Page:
Some things never change about Commencement: the hordes of parents, a sea of black and crimson robes, throngs of excited seniors loitering nervously in towering heels or stiffly collared shirts.
And, for as long as most people involved in the ceremony can remember, Mike Lichten has been among them, taking on the daunting task of shepherding graduates on the big morning.
“It turns out they’re not all that interested in regimentation,” he said with a wry smile.
If Commencement is about tradition, and tradition depends on continuity, then Lichten is one of the living symbols of Harvard’s annual Morning Exercises.
Every year for the past quarter-century, Lichten has donned a cap and gown and reported for duty at 6:45 a.m. to serve among the marshal’s aides, a group of Commencement volunteers who direct guests and lead the procession of graduating students into Tercentenary Theatre.
“He’s one of those unsung heroes,” said Grace Scheibner, the University’s Commencement director.
Lichten oversees the rear Houses — this year, Winthrop, Adams, Cabot, Currier, Dudley, and Dunster — as the participants walk from the John Harvard Statue around University Hall and file into their seats. But he has also taken on an informal role as senior adviser among the marshal’s aides after so many years.
“As Grace says, I’m one of the few people who knows what everyone is supposed to be doing and where they’re supposed to be,” Lichten said.
Lichten came to Harvard in 1981 from Denver to handle the Faculty of Arts and Sciences’ (FAS) energy conservation efforts, but moved into the job of Commencement director three years after he arrived.
In 1986, the year of Harvard’s 350th anniversary celebration, he took on the task of having a new tent designed and built for Tercentenary Theatre.
“It was originally a very old-style canvas tent, like a circus tent, and when it rained it would puddle,” he said. “Sometimes it would get so heavy we’d send a tradesman out with a long pole with a knife on the end to cut a hole in it and release all the water.”
The new tent design allowed for a center span of 60 feet between poles, mimicking the outriggers of a sailboat mast. It is still in use, and will keep President Drew Faust, the honorary degree recipients, and major guests dry if it rains.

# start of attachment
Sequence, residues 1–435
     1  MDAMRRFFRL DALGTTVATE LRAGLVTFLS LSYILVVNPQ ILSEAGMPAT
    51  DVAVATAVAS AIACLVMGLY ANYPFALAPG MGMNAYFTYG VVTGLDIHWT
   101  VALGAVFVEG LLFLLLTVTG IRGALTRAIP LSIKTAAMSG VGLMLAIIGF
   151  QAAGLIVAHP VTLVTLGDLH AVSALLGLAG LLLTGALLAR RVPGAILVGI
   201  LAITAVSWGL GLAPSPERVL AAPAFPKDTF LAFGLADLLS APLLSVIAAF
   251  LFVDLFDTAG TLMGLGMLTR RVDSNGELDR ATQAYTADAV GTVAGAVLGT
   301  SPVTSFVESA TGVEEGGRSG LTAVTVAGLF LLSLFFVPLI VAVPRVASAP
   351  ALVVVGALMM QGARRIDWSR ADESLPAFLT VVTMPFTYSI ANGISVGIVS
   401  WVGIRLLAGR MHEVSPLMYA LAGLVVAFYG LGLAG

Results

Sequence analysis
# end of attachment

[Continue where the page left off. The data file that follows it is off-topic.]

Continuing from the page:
In 1987, Lichten gave up his official Commencement planning role to become the director of operations for FAS’s Office of Physical Resources and Planning, where he is now associate dean. He oversees FAS’s space planning, construction management, and operations teams and has helped orchestrate the building of the New College Theatre, the Center for Government and International Studies, the Laboratory for Integrated Science and Engineering, and Queen’s Head Pub, among other projects.
But Commencement remains a special time for Lichten. “I just like being part of this celebration of the students’ four years of working so hard,” he said. “It’s a fun day, and it’s a little bit different from everyday work.”
Lichten has seen a lot of Commencement speeches over the years, but Harry Potter author J.K. Rowling’s 2008 address on the “benefits of failure” remains his favorite.
“Here you’d think having the president of a country [speak] would really strike you as impressive, but I thought hers was just the greatest speech,” he said.
He’s also lived through plenty of minor mishaps — perhaps unsurprising given that there are no practice runs for the Commencement procession. At the University’s 350th anniversary celebration, Lichten had to deliver a message from the chief of police to the University’s general counsel, who was already sitting up on the platform. As Lichten crawled over a row of dignitaries in their seats, he tripped over a stray foot and nearly fell on then-Secretary of State George Shultz as Schultz was approaching the podium to speak.
“I didn’t knock him over, but it stuck in my memory for a long time,” he said.
But Lichten doesn’t mind the occasional flub. At Commencement, celebration bordering on chaos is the point.
“I don’t think anyone notices except me,” he said.